by Chris Samnee, Mark Waid, Matt Wilson, and Joe Caramagna; Marvel Comics
Black Widow remains a very exciting comic to analyze from a comics wonk perspective. With issue #4 the creative team delivers another instalment filled with skillful and interesting storytelling. Unlike previous issues where I could find a worthwhile throughline to frame an analysis, Black Widow #4 showcases a pretty varied mix of techniques. So, I guess in honour of this being issue #4, I'm going to discuss four sequences that I find fascinating.
There will be *SPOILERS* beyond this point.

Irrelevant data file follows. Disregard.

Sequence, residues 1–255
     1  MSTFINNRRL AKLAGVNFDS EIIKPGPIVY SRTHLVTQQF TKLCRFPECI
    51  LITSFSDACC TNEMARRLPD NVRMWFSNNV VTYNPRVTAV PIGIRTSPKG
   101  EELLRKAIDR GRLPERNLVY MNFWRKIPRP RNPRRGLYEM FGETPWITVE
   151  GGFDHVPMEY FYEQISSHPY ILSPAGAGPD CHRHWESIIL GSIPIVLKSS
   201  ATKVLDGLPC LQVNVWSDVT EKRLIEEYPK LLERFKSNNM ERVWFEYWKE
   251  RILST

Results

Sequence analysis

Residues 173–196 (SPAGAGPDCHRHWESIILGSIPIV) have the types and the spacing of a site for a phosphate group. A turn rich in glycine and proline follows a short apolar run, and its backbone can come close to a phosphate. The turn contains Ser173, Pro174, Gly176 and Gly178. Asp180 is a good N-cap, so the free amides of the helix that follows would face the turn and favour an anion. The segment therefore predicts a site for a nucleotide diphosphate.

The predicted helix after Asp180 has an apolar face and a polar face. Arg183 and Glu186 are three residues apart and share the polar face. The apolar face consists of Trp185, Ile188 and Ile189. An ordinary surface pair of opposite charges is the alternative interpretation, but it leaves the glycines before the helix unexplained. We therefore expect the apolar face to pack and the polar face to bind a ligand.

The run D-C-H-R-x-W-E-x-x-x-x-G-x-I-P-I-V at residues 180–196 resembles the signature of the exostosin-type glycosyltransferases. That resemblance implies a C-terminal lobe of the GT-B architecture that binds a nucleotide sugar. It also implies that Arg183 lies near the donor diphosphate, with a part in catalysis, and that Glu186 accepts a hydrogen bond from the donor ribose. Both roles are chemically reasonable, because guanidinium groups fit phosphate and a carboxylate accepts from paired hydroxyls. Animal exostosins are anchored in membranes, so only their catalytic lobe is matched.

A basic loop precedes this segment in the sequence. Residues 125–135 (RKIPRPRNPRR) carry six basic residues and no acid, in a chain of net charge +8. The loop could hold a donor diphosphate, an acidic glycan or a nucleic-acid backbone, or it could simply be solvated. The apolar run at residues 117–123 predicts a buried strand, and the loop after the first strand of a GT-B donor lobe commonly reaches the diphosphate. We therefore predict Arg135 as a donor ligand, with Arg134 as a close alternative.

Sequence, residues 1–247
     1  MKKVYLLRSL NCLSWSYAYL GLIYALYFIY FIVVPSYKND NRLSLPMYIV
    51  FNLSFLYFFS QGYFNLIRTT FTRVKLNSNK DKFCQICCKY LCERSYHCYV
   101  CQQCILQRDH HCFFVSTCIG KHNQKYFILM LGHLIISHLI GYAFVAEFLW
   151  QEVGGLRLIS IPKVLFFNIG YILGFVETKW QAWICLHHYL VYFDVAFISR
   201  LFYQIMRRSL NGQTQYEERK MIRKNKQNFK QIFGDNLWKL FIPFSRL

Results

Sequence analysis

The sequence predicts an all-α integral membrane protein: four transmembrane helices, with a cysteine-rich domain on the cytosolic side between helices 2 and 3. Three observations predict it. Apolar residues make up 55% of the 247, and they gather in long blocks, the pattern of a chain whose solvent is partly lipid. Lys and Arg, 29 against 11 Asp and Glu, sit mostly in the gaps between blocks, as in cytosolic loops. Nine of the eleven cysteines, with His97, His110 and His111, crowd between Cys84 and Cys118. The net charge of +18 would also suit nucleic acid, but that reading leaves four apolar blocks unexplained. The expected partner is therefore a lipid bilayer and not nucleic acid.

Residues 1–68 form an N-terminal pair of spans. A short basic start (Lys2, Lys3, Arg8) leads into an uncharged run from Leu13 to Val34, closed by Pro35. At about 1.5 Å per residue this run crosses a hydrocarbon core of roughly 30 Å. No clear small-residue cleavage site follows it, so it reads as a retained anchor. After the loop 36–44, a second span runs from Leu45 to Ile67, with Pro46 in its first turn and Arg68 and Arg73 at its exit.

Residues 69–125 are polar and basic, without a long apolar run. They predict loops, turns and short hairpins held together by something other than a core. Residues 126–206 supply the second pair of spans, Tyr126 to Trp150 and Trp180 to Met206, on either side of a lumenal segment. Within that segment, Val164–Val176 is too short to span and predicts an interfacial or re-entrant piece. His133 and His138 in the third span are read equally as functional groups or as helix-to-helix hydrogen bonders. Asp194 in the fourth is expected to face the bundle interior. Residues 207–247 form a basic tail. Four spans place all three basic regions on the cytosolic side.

1. I've talked about this before but Team Widow is really, really good at creating dynamic sequences that use eye tracking to focus the reader and create a sense of motion. This sequence is another great example to this approach. The page opens with a panel that has the black silhouetted Widow in the bottom left corner, then uses the tank-things to create a guide to Widow in the top right panel. This gets the reader efficiently across the page and sets the stakes of the sequence: one covert agent against a place with sci-fi tanks. From the top right panel, the reader drops to the next panel where Black Widow tosses a stone, which guides the reader back to the left, across the page in a carriage-return, and into the next panel where the stone hits the guard. Action, movement, consequence. The reader then moves onto the following panel where distracted-guard is hauled bodily out of frame in a way that synchs the readers eye path to the motion. The following panel, with the guard running, uses the angle of the guards body (and implied motion) to create an arc to the alarm box and inset circular panel. We see the SHNK effect in the round panel, and then carry across the page, creating the down-and-to-the-left motion of the guard yanking the alarm lever. This brings the reader to the bottom left panel where the heavy black of Widow creates an initial focus point. The reader then moves down and through the knife thrust, using eyes and the blade as a guide, and smoothly into the final panel where the long blood smear takes the reader to the end of the page where Widow is dragging the corpses. It is also significant that this final panel's motion seems to carry right out of the panel and into the next page which helps keep the motion going (something that was pointed out in this great video breakdown). It's a great, efficient, and exciting page constructed out very fluid eye tracking.